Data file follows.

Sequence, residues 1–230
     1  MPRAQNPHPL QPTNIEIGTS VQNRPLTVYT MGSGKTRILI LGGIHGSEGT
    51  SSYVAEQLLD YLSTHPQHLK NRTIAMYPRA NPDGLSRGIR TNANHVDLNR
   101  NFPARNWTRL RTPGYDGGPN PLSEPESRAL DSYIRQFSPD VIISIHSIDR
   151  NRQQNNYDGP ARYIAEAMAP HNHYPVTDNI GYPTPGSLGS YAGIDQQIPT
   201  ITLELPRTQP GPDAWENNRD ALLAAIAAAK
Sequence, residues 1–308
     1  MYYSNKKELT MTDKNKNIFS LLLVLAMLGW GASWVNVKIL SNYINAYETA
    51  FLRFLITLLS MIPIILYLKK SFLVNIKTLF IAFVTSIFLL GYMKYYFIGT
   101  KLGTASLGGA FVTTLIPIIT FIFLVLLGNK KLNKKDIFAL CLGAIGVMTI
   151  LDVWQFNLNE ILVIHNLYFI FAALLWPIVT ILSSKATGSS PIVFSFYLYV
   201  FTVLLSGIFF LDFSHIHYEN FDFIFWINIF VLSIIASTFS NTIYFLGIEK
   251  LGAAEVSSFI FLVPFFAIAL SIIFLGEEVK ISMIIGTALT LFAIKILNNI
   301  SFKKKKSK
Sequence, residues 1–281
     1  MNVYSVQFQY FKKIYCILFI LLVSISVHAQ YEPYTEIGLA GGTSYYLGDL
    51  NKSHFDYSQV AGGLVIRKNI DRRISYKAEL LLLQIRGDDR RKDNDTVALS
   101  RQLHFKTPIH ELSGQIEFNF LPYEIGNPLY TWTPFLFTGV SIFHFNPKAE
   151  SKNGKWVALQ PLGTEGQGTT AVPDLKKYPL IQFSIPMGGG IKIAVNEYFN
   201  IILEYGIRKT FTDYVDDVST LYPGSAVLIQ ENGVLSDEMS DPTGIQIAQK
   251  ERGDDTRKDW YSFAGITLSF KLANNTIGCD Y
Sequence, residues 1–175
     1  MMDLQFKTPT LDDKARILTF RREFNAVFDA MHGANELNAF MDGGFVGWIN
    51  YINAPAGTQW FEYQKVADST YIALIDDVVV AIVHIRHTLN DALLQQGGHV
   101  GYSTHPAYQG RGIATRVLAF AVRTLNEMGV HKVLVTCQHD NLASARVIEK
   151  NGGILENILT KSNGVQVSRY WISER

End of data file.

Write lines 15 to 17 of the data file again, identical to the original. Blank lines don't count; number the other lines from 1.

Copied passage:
Sequence, residues 1–281
     1  MNVYSVQFQY FKKIYCILFI LLVSISVHAQ YEPYTEIGLA GGTSYYLGDL
    51  NKSHFDYSQV AGGLVIRKNI DRRISYKAEL LLLQIRGDDR RKDNDTVALS